Only 7% of people in the country are getting their recommended amounts of fiber, according to a study revealed at the Nutrition 2021 conference. Men are especially lacking, at only 5%, getting the right amounts.
Researchers studied data from over 14,600 participants of a nutrition survey, done from 2013 to 2018. Health guidelines say to eat 14 grams of fiber per 1,000 calories, which means getting to that goal would involve consuming 28 grams if you eat a 2,000-calorie diet.
On average, men in the study consumed only 8.7 grams. The researchers also reviewed other data and found those with greater fiber also had a lower type 2 diabetes risk and cardiovascular disease risk. Previous data has routinely revealed connections between high-fiber intake and a healthier heart, on top of lowered health risks overall.
Although this review did not go into the possible reasons for low fiber consumption, other research shows it could be related to highly processed foods—which usually have very little fiber—compared to plant-based foods. In another study, revealed in the journal mSystems, the reviewers found that increasing fiber intake to recommended amounts using plant foods gave a significant change to people’s gut health.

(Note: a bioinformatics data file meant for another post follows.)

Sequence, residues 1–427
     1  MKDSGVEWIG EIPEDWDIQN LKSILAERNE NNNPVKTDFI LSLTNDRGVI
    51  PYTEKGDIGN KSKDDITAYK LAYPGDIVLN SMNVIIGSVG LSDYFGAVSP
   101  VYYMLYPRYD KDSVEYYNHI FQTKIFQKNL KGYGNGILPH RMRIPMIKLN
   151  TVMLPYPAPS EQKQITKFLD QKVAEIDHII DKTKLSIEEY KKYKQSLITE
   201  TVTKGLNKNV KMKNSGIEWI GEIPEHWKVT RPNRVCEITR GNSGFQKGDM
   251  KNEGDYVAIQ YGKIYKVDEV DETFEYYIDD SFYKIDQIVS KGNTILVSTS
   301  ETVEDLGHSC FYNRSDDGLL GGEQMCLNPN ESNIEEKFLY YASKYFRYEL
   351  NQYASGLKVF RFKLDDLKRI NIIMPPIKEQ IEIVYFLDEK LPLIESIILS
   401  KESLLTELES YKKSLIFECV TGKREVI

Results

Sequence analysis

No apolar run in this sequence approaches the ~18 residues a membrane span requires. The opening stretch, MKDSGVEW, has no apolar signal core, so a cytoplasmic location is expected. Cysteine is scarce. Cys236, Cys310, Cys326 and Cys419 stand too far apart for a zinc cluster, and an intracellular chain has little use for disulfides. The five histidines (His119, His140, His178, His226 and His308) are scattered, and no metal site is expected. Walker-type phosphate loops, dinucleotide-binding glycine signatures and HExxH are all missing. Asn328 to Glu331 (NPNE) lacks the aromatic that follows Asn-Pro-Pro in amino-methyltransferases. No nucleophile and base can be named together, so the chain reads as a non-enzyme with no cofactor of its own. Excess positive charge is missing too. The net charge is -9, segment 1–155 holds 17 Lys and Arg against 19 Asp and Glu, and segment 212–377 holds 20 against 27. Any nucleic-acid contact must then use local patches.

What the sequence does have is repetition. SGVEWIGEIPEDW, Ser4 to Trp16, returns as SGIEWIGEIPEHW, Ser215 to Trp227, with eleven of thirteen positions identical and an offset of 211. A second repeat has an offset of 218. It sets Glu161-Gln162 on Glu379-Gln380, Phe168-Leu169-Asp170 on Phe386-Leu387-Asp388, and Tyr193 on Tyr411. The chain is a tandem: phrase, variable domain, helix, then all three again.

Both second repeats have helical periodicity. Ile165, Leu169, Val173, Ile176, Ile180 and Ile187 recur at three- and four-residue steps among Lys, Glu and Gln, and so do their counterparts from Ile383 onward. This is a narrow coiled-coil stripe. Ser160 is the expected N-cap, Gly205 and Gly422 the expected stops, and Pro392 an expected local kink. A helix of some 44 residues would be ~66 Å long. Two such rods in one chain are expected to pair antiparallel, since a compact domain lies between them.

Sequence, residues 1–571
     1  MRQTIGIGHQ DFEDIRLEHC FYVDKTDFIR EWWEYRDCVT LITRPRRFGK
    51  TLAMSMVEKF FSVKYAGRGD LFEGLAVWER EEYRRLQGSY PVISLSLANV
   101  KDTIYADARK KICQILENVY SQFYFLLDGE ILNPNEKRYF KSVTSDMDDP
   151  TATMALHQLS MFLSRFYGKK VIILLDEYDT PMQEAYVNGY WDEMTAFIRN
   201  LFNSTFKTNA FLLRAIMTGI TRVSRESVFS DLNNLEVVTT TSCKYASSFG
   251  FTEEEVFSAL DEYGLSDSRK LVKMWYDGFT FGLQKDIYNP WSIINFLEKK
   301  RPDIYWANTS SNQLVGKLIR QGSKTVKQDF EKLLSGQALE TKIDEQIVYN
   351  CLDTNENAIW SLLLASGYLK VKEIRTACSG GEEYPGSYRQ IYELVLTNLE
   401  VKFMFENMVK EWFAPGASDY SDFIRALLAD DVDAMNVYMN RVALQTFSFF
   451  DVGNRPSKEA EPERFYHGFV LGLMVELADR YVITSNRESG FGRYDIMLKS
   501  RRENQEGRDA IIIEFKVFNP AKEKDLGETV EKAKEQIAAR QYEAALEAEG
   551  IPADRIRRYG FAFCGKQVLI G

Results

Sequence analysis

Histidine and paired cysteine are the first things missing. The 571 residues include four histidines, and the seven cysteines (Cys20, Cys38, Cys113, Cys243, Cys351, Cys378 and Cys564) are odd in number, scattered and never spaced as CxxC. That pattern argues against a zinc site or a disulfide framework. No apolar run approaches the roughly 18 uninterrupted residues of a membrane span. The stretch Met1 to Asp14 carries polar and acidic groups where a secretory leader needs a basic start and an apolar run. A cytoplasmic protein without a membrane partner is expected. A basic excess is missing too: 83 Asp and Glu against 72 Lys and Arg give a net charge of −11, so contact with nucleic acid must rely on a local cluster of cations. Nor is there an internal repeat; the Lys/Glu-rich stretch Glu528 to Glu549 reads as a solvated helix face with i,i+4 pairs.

Lead author on this study, Katrine Whiteson, Ph.D. professor of biology at UC Irvine, says that poor gut health has been linked to an increased risk of certain cancers, higher amounts of autoimmune diseases, and even lowered vaccine efficacy.
A better, diverse community of helpful bacteria in a person’s gut also helps absorption of nutrients, Whiteson says. That can lead to better and greater benefits for weight loss and your overall health.
There is no shortage of healthy plant-based options for fiber, and this includes:
- Leafy greens
- Sweet potatoes
- Flax seeds
- Cruciferous vegetables
The list keeps going, with whole foods being the focus rather than highly processed foods, which seem to always have fiber stripped out of them.
“Changing your diet to high-fiber options can have huge benefits for your health, and get you nearer to hitting the recommended amounts., Whiteson says.
Author: Steven Sinclaire
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